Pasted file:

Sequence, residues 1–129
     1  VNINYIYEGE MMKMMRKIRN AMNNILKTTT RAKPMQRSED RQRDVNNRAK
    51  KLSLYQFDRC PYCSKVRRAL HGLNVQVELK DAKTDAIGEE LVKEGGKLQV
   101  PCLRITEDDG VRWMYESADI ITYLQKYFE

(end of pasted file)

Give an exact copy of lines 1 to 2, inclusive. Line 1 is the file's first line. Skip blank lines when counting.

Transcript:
Sequence, residues 1–129
     1  VNINYIYEGE MMKMMRKIRN AMNNILKTTT RAKPMQRSED RQRDVNNRAK